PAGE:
The Peace of God from the God of Peace

As I look at my world this week, I do not see a world at peace, or a people at peace. I see fear, anger, suspicion. I see blaming, accusation, interactive speech dripping with venom.

Two weeks ago, we took a deep dive into Philippians 4:4, “Rejoice in the Lord always; again I will say, rejoice” ESV. On the heels of that rather unsettling directive, the apostle Paul calls Christ-followers to public displays of gentleness, to the shedding of anxiety and to constant prayers and pleadings, the outcome of which will be a peace that defies explanation, a peace that comes from the God of peace.

And the peace of God, which transcends all understanding, will guard your hearts and your minds in Christ Jesus. – Philippians 4:7, NIV-1978

Quite literally, this verse says the peace of God “surpasses all mind.” The peace of God is incomprehensible to the human mind. But what is this peace of God?

Whatever the peace of God is, it is juxtapositioned against anxiety. In this same statement of peace, Paul says, “Be anxious for nothing.” Do not allow yourself to be pulled in different directions. The God of heaven, the God of peace, pulls us in only one direction, and that is to him and his glory. Our fears and anxieties pull us in quite a different direction.

This peace of God guards or stands vigil over both our hearts and our minds. In other contexts, this same word is used to describe being held prisoner. If my heart and mind are going to be held prisoner by, or to anything, I want that thing to be the peace of God.

So, in Philippians 4:7, Paul presents the peace of God which guards our hearts and minds. Then in verse nine, he presents the God of peace who “will be with you.” The peace of God comes from the God of peace.

But look around you. Look at our society, our nation, our world. We are not at peace now, and we have not been at peace since Cain killed Abel. Arguably, we broke peace as soon as Adam and Eve ate the forbidden fruit. The immediate result of that was estrangement, both from God and from each other.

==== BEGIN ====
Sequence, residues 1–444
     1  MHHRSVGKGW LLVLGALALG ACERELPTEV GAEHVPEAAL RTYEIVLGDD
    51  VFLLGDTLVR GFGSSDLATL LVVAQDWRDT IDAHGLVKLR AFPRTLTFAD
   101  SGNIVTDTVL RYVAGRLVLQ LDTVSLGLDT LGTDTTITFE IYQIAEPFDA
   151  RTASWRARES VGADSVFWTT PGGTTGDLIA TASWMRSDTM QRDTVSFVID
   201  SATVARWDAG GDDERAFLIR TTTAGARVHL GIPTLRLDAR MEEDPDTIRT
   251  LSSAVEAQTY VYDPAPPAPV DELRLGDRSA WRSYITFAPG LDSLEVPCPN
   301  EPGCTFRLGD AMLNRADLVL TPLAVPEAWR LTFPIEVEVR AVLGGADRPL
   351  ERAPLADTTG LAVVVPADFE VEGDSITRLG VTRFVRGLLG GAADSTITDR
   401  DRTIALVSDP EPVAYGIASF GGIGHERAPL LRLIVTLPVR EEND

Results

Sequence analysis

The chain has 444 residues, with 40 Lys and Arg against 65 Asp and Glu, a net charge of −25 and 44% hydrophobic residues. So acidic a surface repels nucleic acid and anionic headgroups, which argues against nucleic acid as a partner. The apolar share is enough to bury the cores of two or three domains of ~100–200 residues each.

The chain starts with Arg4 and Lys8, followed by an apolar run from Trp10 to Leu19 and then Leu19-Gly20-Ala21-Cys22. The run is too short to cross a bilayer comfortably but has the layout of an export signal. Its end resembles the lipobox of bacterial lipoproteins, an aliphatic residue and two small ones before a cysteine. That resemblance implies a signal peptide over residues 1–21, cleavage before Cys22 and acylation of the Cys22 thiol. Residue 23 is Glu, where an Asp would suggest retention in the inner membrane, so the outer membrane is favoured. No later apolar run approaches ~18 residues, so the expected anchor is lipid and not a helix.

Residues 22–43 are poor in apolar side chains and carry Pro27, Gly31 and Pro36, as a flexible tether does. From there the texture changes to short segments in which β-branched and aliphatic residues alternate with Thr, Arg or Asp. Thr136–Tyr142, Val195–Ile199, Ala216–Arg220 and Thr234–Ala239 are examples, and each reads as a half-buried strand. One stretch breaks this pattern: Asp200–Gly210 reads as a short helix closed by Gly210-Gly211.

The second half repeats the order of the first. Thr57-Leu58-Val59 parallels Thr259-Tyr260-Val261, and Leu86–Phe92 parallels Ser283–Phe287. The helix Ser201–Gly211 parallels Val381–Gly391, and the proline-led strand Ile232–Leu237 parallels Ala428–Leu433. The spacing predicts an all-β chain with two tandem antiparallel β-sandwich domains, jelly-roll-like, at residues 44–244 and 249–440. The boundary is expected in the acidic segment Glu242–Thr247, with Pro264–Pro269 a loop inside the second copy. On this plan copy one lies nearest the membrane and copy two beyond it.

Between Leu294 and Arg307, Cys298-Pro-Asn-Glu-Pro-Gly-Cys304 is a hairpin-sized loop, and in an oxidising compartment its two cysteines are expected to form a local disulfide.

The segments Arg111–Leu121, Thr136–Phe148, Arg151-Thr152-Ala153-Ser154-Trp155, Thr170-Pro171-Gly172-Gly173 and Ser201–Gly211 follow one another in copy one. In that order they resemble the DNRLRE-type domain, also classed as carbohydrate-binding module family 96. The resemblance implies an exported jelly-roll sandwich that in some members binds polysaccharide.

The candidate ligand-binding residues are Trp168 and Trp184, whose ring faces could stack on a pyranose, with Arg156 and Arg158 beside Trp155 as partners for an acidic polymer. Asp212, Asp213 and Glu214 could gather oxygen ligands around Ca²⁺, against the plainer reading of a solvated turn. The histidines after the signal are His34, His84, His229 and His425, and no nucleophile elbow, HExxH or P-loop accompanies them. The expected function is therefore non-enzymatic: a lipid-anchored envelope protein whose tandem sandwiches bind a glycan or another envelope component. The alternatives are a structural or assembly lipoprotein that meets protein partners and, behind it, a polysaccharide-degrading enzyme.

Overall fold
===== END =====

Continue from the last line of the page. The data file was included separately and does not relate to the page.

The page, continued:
What we learn from Philippians 4:7, then, is that it is possible to be at peace in an atmosphere that amplifies anything but peace. Maybe society is not at peace, but you are guarded by a personal peace that is not dependent on anything to do with society.

Remember the line from Rudyard Kipling, “If you can keep your head when all about you are losing theirs…”

Several other things we know about the God of peace:

  • The God of peace will soon crush Satan under the feet of the believers. – Romans 16:20
  • The God of peace will sanctify us (make us holy) through and through. – 1 Thessalonians 5:23a
  • The “Lord” of peace will grant us peace at all times and in all ways. – 2 Thessalonians 3:16
  • The God of peace will equip us for everything good for accomplishing his will. – Hebrews 13:20-21

The apostle Paul also makes reference to peace in his letter to Colossae, there calling it the “peace of Christ.”

Let the peace of Christ rule in your hearts, since as members of one body you were called to peace. And be thankful. – Colossians 3:5, NIV-1978

We have the peace of God from the God of peace. It stands vigil over our hearts and minds, and transforms us so profoundly that the world sees our non-reaction to the chaos around us, and they have no capacity for understanding what they see. They cannot comprehend such peace, because such things are spiritually discerned (1 Corinthians 2:14).

You will keep in perfect peace him whose mind is steadfast, because he trusts in you. – Isaiah 26:3, NIV-1978

Grace and peace to you from God our Father and the Lord Jesus Christ.

Victoriously in Christ!

– damon
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Damon J. Gray

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